- {Timeseries: -19s to-14s} From an initially locked state, blocking the green pump beam shows the shot noise level at ~170 mV

- {Timeseries: -14s to -9s} After unblocking we see that it locks to squeezed quadrature, here shown at noise level ~150 mV. This corresponds to ~0.55 dB of squeezing and is this low since we are averaging over a huge band

- {Timeseries: -9s to -7s} By inverting the gain, we see that it locks to the antisqueezed quadrature at ~ 195 mV. The lock here is less stable (also explained in the paper). When we decreased the gain we were able to get a better lock (not shown here).

- {Timeseries: -7s to -1s} When we block the beam we still recover a similar shot noise level

- We were able to see a lock that lasts >> 30 s on the squeezed quadrature (not recorded here though...)

Attachment 2 is the spectrum at the output of the envelope detector, where we see the 5 kHz peak 10 dB above the noise floor.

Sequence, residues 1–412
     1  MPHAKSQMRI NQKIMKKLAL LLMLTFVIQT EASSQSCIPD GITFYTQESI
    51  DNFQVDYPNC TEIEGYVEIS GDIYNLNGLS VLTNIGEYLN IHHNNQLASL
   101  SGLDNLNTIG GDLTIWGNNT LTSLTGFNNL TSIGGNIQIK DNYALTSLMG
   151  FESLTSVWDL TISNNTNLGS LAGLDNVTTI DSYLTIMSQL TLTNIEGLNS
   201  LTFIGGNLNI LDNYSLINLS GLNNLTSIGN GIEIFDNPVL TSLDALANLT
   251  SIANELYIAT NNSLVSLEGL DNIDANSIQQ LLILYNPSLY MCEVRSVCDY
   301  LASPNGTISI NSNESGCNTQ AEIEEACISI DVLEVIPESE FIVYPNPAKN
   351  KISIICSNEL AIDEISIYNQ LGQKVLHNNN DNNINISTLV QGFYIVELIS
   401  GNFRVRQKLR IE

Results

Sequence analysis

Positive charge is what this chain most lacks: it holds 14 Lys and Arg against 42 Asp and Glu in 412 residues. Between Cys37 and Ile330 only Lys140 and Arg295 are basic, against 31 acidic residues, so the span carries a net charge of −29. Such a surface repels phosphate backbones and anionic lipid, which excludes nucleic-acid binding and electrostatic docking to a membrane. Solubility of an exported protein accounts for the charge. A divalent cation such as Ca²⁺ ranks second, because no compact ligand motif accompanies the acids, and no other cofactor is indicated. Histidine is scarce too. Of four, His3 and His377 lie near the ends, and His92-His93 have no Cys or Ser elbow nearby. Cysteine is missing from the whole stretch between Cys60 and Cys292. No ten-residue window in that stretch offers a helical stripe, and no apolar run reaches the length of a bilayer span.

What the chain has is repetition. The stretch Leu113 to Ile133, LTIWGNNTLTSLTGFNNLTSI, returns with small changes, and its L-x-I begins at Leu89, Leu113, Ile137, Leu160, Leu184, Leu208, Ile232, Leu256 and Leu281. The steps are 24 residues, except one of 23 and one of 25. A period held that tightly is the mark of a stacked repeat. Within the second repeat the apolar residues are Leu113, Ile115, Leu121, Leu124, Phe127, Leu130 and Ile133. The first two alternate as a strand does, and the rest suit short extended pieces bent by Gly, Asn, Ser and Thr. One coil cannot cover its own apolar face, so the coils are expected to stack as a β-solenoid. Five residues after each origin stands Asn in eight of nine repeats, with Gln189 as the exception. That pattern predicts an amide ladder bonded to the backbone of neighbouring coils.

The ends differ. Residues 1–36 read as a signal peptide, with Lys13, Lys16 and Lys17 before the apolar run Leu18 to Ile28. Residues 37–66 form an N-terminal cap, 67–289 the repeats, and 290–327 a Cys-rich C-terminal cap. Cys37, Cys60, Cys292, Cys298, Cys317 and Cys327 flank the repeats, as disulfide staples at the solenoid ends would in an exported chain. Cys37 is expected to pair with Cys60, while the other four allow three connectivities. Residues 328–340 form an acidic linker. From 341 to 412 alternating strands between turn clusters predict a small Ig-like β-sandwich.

We also began to set up a second Moku:Go to measure squeezing in a band different from the one we use for locking.

In our new set-up, every time we return to the lab, we have to spend some time re-aligning to recover green coupling...

Attachment 1: MokuSpectrumAnalyzerData_noiselocking_20230320_170927_Screenshot.png
Attachment 2: MokuSpectrumAnalyzerData_dithercheck_20230320_154848_Screenshot.png
Attachment 3: MokuSpectrumAnalyzerData_noiselocking_20230320_155302_Screenshot.png
2861   Tue Mar 14 17:24:46 2023 shrutiDailyProgressWOPAPlaying with polarization

[Yehonathan, Shruti]

### 1. Simple rotation to match 532 nm polarization to SHG

After yesterday's alignment, since we had just arbitrarily placed the bare fiber on the mount, we had to make sure we had the right polarization between the LO and squeezed field.